How Military Service Benefits Your Academic Career

Graduation cap on a book next to a degree.

Servicemen and women are often nervous that going back to school after a few years away from writing essays and facing algebraic equations might make for an awkward transition. They fear that being older than many of their peers will be another stigma, and that their experiences simply will not translate back to school.

Instead, they should consider how being older, more experienced and more mature than many others in their college of choice might provide a distinct advantage. Not to mention all the other benefits of military life that translate perfectly to achievement in classes—traits that are key when it comes to moving forward on a beneficial career path.

  1. Get some... assistance, that is.

One thing those with military experience have going for them is a number of specific resources available both financially and academically to prepare them for the next stage in their lives. Thanks to the Post-9/11 G.I. Bill and other similar programs, college is more affordable (often tuition can be completely covered) and that creates a huge advantage over the majority of students who are scraping by to cover those costs.

In fact, a huge number of veterans are taking advantage of these programs. According to data taken from U.S. Department of Veterans Affairs (2010-2011) more than 924,000 veterans used the benefits offered through the Post-9/11 G.I. Bill by 2011.  

Therefore, any additional money made during college can instead go to a future career, instead of creating lasting debt. This also means choice internships, which others might not be able to take advantage of, are more viable post-graduation.

In addition, there are academic resources designed specifically to help servicemen and women transition back into school. These include MWR programs and articles that can help you make the best next step.

2. You call this stress? Military training allows insights into dealing with stress and problem solving, developing the skills needed to approach tests and assignments with precision and forethought. Situations faced in the service require exacting detail or lives can be lost. It’s this discipline that allows those with military training to get ahead in college.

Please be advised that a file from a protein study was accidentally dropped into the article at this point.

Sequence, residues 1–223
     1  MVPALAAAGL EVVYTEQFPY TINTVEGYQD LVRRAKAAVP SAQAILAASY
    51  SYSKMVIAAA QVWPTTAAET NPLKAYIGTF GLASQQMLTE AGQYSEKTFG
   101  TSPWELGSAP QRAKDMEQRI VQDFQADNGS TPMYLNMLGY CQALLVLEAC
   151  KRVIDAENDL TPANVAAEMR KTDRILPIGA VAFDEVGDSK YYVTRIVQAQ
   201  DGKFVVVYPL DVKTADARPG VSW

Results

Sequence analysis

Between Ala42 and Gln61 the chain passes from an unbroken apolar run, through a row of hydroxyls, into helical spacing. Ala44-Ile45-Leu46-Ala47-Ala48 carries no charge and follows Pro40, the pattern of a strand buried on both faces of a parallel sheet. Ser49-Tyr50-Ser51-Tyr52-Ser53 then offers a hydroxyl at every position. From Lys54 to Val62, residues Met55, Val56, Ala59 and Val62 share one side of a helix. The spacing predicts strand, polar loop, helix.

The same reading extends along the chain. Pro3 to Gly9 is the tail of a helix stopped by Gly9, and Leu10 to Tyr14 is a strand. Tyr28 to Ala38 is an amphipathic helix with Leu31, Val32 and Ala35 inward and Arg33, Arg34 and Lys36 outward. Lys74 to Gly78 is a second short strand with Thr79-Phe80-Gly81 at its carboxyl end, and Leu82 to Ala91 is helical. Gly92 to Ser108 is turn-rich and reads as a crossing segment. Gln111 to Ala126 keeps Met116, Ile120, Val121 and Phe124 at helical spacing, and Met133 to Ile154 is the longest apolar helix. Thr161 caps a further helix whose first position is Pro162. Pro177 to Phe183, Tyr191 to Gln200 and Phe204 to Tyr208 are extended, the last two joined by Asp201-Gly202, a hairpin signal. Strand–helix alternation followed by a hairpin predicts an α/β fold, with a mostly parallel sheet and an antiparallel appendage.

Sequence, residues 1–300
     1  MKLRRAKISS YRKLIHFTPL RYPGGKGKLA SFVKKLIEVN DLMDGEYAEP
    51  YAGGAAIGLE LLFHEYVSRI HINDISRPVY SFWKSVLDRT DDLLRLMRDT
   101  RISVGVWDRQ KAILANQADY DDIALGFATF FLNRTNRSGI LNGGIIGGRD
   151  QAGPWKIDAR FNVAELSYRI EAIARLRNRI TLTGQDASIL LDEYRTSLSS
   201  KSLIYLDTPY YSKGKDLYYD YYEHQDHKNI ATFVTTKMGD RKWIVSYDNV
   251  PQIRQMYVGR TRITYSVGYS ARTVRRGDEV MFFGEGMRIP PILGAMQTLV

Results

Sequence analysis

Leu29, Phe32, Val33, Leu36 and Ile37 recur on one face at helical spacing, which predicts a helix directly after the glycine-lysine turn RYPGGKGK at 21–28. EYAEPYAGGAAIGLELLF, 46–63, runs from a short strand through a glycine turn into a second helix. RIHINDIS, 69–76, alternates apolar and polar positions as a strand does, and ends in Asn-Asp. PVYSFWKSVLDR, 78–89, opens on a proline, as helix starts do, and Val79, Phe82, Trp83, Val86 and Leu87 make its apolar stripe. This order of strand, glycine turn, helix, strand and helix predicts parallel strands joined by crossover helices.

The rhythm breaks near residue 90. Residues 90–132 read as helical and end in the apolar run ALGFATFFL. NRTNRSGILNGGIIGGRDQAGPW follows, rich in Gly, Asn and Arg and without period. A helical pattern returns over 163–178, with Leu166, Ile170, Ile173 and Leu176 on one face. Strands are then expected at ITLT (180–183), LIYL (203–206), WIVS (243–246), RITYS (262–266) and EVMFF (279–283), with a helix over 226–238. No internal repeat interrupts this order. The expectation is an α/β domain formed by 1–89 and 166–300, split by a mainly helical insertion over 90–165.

3. Lead by example. Leadership is often seen as the most important attribute to demonstrate on a resume, and military experience provides the tools necessary to continue to amass leadership-based positions. The level of maturity and organizational skill that was an everyday part of the service is not necessarily something that other peers have to offer.

Help classmates be more organized, and lead by example. There is no doubt that those with prior military training tend to think globally, are mission-driven, and work tirelessly to create meaningful community connections. Networking is a huge part of higher education, and demonstrating value as a leader is key. Take on responsibilities both in and out of the classroom that make it possible to flex leadership muscle. Do not be shy about looking for projects and reaching for responsibilities.

A solid understanding of hierarchy is another aspect of military service that holds veterans in good stead. Never be afraid to clarify instructions, meet with professors or communicate clearly with classmates on assignments. Be bold as you ever were. It is these professors that often hold the keys to great careers. Treat them with the respect you would a commanding officer and you will find they respond with kindness when doling out advice and useful career contacts. In short, there is no reason for trepidation when transferring your military skills to college. Going from saluting a Major to declaring one is simple with the realization of just how useful all you learned in the military can be.  

About the Author Ryan Hickey is the Managing Editor of Peterson’s and EssayEdge and is an expert in many aspects of college, graduate, and professional admissions. A graduate of Yale University, Ryan has worked in various admissions capacities for nearly a decade, including writing test-prep material for the SAT, AP exams, and TOEFL; editing essays and personal statements; and consulting directly with applicants.


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